COOKEVILLE – After months of negotiations and weeks of speculation, Project Victor, an economic development prospect with 700 new jobs and a $100 million investment, was finally revealed in Putnam County today at Cookeville’s Dogwood Park. Academy Sports + Outdoors, a sports, outdoors and lifestyle brand, will build a new 1.6 million square foot distribution center in town, marking one of the biggest economic development announcements in Upper Cumberland history.
Spanning 257.38 total acres, the center will be the largest distribution facility in Tennessee under one roof. Construction is expected to begin later this month, and company officials say they plan to be operational in early 2016. Hiring will begin in late 2015. It will be the company’s third distribution center nationwide. Academy Sports has nine stores in Tennessee with a 10th store planned to open in Memphis this fall.
Leaders had kept Project Victor tightly under wraps as discussions ensued over the last 10-11 months – especially in the final weeks as the deal was finalized. But just moments before the official announcement was set to begin, three large blue banners bearing the Academy Sports logo set the stage at the park’s performance pavilion. The excitement only continued from there.
“This is a big deal for Putnam County, a big deal for Cookeville, Tenn., but this is an even bigger deal for Academy Sports + Outdoors,” company CEO Rodney Faldyn said. “This allows us to continue to grow. This distribution center is extremely important as we continue to grow in the South, the Southeast, and as we continue to expand into the Midwest. This really allows us to launch our footprint outward. We couldn’t be happier with our selection.”
‘Many moving parts’
Much of the secrecy surrounding Project Victor – while par for the course on most prospective economic development projects – was attributed to the large number of moving parts. And many of those moving parts joined in on the celebration Friday. Officials with the Tennessee Valley Authority, Tennessee Department of Transportation and Tennessee Economic and Community Development all addressed the crowd. Locally, Cookeville Mayor Matt Swallows and County Executive Kim Blaylock hinted that Academy Sports’ announcement was only the beginning for Putnam, particularly as another potential prospect, Project Uno, starts to make its rounds in the press. While Academy’s footprint was too large for the newly developed Highlands Business Park, their presence just might be “the thing that tips us over the edge,” Blaylock said.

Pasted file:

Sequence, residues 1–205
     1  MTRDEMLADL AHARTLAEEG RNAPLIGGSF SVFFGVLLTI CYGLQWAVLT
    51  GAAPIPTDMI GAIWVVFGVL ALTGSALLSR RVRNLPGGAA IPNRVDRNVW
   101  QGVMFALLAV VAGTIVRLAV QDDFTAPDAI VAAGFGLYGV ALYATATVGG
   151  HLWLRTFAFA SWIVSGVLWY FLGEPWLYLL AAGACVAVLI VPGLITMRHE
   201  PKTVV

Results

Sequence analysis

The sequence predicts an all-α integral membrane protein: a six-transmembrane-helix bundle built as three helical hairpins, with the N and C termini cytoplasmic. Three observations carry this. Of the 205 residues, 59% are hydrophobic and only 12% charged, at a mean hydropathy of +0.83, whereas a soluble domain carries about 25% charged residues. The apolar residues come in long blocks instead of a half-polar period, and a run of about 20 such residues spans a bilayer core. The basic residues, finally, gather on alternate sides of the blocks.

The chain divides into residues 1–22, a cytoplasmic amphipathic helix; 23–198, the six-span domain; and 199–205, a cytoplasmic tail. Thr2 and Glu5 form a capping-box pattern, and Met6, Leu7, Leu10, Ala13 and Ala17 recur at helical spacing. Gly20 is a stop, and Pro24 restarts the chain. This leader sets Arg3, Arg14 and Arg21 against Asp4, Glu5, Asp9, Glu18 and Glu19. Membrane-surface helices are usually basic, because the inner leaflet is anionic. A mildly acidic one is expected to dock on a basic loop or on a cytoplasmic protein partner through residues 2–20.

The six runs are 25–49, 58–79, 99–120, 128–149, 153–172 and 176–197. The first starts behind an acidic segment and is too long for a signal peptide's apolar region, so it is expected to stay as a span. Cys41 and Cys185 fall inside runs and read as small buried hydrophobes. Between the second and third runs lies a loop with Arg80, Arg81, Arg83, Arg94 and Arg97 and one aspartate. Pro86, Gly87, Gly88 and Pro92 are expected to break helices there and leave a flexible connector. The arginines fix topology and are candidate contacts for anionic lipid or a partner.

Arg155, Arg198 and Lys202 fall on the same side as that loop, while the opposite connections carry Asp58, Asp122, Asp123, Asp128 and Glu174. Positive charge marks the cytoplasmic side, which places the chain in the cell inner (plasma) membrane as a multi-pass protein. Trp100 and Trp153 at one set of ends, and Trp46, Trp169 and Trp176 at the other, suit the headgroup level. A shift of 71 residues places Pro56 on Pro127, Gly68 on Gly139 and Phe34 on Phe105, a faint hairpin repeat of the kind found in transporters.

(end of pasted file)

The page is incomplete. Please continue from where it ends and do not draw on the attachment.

“It’s a game changer for the entire area, not just the city,” Swallows added. “And it’s just the start. In the next five years, we’re going to have trouble recognizing Cookeville and the Upper Cumberland. We’re just getting started.”
Academy Sports expects to turn dirt at the site, south of Old Stewart Road along Interstate 40 on the western side of Cookeville, in the next few weeks. While the company had “a number of options” for its new facility, Faldyn said they were attracted to Tennessee because of its “centralized location, pro business nature (and) quality workforce.” Tennessee Tech University, others said, was another major asset. ECD Commissioner Bill Hagerty said Academy Sports will be able to draw its top talent.
“We have a great workforce here,” he said.
Additionally, TDOT Commissioner John Schroer said four new road projects will be part of the development at a cost of $28 million. Academy’s project site will be served by the fifth interchange, an interstate connector project along Interstate 40 west of South Willow Avenue. Schroer said Academy’s announcement speeds up the project’s timeline, but his department was able to respond quickly to their proposal because of prior preparations by the city and county. Schroer told the UCBJ that a contract would be let on the fifth interchange in either October or November and work should start this winter. The interchange will be online before Academy’s building is operational in 2016.
“Our commitment is to make sure we stay in front of the development, which we’ll do,” Schroer said. “We were able to act quickly on this, but only because we were already in the door; we have been working closely with the city for a long time.
“The vision of the local people made this happen, without question.”